• Air fresheners with a strong lemon scent

These smells can be too intense for cats, making them feel uncomfortable or stressed.

If you want to create a pleasant atmosphere for your cat, try using natural scents derived from herbs like lavender or chamomile. Also, avoid citrus oils when making DIY recipes for natural bug repellents for cats. These could irritate their fur and eyes.

Strong Odors

Most cats don’t like strong smells. Smells they don’t like can be from air fresheners, perfumes, and certain foods. Here’s a list of smells cats may find offensive or even dangerous:

  • Aromatic candles: These have essential oils and synthetic fragrances. Volatile compounds can irritate cats’ respiratory systems. Avoid these around cats.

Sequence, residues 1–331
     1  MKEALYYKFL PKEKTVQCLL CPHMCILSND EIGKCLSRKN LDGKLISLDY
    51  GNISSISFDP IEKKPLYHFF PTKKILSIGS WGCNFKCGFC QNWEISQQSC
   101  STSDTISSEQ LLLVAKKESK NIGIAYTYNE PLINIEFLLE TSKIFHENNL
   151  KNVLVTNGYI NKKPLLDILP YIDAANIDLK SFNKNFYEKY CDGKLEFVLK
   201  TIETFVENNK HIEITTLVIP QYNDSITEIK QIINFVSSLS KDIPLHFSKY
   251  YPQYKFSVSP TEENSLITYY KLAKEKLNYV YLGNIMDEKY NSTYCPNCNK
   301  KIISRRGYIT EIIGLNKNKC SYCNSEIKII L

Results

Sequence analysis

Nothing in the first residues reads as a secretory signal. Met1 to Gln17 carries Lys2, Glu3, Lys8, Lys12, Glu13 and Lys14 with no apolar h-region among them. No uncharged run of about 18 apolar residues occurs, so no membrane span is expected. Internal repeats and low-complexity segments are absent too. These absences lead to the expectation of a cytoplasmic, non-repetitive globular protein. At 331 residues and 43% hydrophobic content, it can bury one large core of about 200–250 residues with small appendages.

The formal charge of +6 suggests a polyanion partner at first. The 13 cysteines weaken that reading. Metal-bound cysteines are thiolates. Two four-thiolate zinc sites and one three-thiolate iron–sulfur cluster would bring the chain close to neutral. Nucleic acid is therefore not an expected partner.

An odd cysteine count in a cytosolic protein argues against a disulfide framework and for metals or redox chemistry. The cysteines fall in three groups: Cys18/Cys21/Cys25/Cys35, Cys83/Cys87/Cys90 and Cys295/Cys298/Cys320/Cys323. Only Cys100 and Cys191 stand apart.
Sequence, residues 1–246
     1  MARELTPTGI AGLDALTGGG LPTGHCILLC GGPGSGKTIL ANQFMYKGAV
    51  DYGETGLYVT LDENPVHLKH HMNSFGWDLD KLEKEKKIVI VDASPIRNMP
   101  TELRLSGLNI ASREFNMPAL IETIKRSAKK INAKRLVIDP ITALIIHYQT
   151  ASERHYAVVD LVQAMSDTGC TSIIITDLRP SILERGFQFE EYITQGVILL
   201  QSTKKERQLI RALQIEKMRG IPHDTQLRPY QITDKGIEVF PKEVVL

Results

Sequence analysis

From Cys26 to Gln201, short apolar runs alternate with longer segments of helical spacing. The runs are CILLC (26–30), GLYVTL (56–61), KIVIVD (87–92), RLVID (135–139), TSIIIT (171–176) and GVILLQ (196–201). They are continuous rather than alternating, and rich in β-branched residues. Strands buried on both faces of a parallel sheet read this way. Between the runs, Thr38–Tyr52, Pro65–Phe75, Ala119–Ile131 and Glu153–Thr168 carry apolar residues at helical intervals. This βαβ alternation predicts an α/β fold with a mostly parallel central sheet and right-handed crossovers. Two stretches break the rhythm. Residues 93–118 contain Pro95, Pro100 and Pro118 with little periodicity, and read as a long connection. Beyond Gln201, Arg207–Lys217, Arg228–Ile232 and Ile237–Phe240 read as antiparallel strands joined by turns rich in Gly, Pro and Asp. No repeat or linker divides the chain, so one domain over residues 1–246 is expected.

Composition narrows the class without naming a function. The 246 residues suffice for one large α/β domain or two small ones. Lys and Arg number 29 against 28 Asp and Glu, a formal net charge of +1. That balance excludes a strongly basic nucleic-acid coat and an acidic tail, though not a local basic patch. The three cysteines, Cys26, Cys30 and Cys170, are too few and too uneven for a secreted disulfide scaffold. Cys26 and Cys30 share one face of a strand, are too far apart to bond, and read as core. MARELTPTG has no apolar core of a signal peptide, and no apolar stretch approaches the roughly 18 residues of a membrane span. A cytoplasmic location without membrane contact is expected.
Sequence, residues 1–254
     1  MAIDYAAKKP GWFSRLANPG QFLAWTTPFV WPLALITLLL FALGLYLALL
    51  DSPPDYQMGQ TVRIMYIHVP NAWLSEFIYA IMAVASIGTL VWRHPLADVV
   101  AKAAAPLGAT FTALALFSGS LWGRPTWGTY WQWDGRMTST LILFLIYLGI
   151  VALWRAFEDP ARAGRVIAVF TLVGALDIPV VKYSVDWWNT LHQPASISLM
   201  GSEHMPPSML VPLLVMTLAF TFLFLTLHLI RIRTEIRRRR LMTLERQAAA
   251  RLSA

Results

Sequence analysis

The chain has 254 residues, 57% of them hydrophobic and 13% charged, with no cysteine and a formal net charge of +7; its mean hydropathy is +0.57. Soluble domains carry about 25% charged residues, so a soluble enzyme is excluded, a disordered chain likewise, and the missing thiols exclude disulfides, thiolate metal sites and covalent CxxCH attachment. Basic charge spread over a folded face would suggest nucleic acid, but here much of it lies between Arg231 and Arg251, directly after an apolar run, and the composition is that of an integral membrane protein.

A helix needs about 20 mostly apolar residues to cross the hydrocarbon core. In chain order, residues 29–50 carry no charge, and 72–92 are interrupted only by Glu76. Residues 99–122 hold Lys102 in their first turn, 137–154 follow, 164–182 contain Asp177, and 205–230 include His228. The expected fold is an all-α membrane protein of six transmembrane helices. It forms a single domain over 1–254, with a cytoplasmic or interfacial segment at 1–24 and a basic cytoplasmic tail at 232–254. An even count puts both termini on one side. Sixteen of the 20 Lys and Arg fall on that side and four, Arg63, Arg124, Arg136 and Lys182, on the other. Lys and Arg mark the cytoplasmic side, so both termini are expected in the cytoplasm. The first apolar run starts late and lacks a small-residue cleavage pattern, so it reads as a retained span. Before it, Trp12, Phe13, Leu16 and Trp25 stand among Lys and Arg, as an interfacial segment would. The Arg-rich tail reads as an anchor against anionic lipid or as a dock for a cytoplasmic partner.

• Perfume & cologne: Popular brands can have phthalates and synthetic fragrances. Cats’ sense of smell can be affected. Pick non-aerosol sprays or non-toxic natural alternatives.
  • Strong spices: Garlic, onion, and pepper can seem overpowering to cats. Best to avoid using them when cooking near cats.
  • Cigarette smoke: High levels of carbon monoxide. Toxic for cats and humans. Inhalation can lead to health issues. If you are a smoker, take steps to ensure your pet’s safety.

Peppermint and Menthol

Cats have super sensitive noses that they use to explore their environment. Some smells can be unpleasant, even offensive, to cats. Common smells cats don’t like to include peppermint, menthol, citrus, vinegar, and perfumes.

  • Peppermint & Menthol: Cat deterrent sprays often contain these oils. Cats react differently – some may like the smell, others find it too strong.
  • Citrus: The sour aroma of these scents is a powerful deterrent for cats. So strong, it can overpower other smells.